Now, I’ve always loved the New Yorker: although there’s too much in there to read every issue, it’s still a treat for a train journey. Some of its writing is still among the finest American reporting, and, of course, it’s famous for its cartoons. Those were what I came across first, since when I was a lot younger I used to read a lot of James Thurber‘s collections of writing and drawings, which sadly seem to have fallen out of fashion now. Through that I found my way to his memoir of the New Yorker‘s infamous founder and longserving editor, Harold Ross, The Years With Ross. Ross’s approach probably wasn’t the only way to run a magazine, but it certainly worked.

But back to Bob Mankoff. Thurber was one of the people who set the tone for the New Yorker cartoon, and there’s a kind of a template for them: whimsical but knowing, wry, complicit with the reader. One thing I learned was that the Cartoons Editor of the New Yorker looks at about 1,000 cartoons a week, and passes on 50 to the Editor, who will use about 17.

And there’s a laugh-out-loud moment as well, for which it helps, I think, to know that Mankoff is Jewish:

Bragging to his friends, the elder Mankoff said: “They laughed when my son said he was going to be a cartoonist, but they’re not laughing now.”

The image at the top of this post is courtesy of the Westport Library, Connecticut, and is used with thanks. A Browser subscription, which gives you access to the archive and unlimited articles, is a modest $20 a year.

Nosing out the Armstrong scandal

14 October 2012

Perhaps it’s coincidence that the two journalists who have pursued Lance Armstrong most assiduously – David Walsh and the former professional cyclist Paul Kimmage – are both Irish. Kimmage has been a vocal anti-drugs campaigner since his landmark book A Rough Ride was published in 1990. The Sunday Times settled a libel case with Armstrong out of court (in the libel-friendly English courts) after the paper published extracts from Walsh’s French-language book, LA Confidentiel. M’learned friends are revisiting that case as I write; and I imagine that publication of USADA’s ‘Reasoned Decision‘ will open the way for an English-language edition, or an update of his book From Lance to Landis.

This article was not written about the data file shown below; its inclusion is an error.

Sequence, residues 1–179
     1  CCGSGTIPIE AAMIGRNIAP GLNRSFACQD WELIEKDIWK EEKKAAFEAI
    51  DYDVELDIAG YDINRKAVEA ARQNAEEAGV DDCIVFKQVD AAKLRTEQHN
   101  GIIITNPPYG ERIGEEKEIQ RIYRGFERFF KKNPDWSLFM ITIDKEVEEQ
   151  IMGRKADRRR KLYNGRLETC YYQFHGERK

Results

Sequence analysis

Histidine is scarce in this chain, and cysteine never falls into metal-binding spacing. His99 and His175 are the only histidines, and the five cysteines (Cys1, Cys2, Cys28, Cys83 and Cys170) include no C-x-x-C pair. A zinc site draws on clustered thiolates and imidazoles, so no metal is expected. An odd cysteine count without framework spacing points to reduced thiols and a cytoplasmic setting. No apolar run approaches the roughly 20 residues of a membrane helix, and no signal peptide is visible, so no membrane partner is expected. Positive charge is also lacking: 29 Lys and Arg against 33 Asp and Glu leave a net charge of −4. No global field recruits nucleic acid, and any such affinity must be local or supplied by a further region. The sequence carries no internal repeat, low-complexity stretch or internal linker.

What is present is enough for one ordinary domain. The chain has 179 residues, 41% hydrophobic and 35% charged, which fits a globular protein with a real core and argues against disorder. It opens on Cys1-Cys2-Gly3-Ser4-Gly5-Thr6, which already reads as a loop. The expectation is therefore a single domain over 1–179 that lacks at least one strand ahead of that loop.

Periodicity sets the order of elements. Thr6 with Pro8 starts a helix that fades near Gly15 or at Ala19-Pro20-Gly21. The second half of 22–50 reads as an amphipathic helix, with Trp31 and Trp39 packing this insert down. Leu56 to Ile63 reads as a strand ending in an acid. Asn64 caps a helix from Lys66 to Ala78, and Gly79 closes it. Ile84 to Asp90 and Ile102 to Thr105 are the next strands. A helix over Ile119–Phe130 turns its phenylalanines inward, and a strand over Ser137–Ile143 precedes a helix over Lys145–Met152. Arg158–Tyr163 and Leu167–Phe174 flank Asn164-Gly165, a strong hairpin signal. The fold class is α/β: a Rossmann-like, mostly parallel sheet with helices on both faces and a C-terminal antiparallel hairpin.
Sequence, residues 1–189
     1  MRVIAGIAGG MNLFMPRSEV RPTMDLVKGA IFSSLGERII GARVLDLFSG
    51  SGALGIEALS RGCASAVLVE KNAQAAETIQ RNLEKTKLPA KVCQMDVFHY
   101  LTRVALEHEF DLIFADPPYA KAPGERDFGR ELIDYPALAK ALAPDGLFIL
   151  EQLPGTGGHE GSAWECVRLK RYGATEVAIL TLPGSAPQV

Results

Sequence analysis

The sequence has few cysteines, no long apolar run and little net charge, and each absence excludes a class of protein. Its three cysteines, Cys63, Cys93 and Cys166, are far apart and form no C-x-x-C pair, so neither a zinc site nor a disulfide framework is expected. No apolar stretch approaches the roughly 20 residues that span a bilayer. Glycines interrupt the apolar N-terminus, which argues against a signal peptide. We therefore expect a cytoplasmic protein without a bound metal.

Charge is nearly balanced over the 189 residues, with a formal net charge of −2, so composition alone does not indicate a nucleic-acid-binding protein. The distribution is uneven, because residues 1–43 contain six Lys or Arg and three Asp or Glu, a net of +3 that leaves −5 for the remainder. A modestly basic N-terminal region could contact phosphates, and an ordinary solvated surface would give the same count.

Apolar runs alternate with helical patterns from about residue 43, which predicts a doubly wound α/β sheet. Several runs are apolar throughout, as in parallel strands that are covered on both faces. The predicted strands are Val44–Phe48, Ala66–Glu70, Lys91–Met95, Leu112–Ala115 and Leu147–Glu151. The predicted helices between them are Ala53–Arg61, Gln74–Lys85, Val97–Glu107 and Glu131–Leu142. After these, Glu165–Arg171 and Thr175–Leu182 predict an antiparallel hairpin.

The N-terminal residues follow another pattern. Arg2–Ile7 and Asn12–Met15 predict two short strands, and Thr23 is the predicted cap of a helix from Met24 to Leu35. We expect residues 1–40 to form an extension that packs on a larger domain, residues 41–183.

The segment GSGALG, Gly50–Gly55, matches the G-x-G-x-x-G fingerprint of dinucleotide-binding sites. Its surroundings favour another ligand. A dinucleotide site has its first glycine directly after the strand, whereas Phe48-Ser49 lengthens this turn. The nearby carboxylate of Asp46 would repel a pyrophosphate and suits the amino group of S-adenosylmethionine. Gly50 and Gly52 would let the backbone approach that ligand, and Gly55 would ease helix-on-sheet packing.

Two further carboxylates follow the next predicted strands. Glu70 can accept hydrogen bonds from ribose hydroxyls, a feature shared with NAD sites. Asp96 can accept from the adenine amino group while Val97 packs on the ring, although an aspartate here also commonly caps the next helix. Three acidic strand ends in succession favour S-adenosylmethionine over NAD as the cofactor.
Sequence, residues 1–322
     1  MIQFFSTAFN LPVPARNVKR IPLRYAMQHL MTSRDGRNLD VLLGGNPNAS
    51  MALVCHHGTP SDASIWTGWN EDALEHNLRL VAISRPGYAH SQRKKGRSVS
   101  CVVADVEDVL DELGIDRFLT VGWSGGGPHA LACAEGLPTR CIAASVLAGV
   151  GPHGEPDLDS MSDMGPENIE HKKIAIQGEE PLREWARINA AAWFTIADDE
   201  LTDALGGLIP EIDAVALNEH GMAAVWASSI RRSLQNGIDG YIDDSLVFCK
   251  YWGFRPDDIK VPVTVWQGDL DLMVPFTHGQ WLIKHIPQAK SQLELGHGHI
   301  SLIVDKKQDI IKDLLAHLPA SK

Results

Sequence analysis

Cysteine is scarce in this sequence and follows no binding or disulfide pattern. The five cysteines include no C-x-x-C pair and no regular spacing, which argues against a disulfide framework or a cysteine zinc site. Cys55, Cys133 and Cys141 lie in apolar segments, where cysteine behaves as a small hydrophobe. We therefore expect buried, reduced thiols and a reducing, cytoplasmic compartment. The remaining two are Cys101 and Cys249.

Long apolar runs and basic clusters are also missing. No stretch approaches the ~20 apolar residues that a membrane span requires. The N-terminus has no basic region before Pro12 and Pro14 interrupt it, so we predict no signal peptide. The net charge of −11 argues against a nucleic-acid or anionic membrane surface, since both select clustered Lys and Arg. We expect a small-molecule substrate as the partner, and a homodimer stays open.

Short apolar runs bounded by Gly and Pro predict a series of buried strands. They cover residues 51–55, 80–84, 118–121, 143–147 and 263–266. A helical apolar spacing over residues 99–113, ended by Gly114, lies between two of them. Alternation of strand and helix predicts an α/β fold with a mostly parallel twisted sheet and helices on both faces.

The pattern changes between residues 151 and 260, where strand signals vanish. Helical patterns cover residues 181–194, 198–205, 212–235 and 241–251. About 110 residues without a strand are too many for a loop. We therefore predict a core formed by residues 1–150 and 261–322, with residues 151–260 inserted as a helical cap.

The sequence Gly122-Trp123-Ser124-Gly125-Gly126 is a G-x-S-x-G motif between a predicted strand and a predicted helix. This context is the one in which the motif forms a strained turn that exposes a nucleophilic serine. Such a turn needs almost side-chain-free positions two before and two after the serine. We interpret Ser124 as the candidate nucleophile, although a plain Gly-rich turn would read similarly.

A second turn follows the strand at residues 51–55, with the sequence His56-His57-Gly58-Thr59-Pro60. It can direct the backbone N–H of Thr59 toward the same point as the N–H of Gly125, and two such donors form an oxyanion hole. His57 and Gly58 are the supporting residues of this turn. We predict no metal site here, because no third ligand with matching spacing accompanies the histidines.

Despite all the leaks, the USADA report, which runs to 200 pages with another 800 pages of affidavits by way of an appendix, is eye-watering. There’s a line in Matt Rendell’s book, Significant Other, written about and with the US Postal domestique Victor Hugo Peña, where Peña says of Armstrong, in effect, that while all professional cyclists live the abstemious life, Armstrong does it more than anyone else. The same turns out to be true of drug abuse.

A profile of David Walsh in the current edition of the UK Press Gazette, explains why Walsh became curious about Armstrong:

What first piqued Walsh’s suspicion was Armstrong’s reaction to an article by a young cyclist named Christophe Bassons, in which the Frenchman claimed the top riders were still doping.

“Armstrong bullied him and hounded him out of the race,” says Walsh. “My feeling at that moment was that a clean rider wouldn’t have done that. It was pretty obvious to me that Armstrong was doping – not from any evidence I had but from the way he behaved.

“I think if anybody had been applying cold logic at the time, they would have come to the same conclusion.”

That was in 1999, and Bassons (along with the former US Postal soigneur Emma O’Reilly who talked to Walsh for LA Confidentiel) is one of the unsung heroes of the Armstrong affair. When Armstrong did something similar to Filippo Simeoni, another critic from inside the peleton, five years later, more suspicions were aroused. (As an aside, Armstrong’s line as an enforcer of the omerta within the peleton on drugs use is an interesting application of game theory: the correct strategy is the maximum level of personal threat to the edge of the law).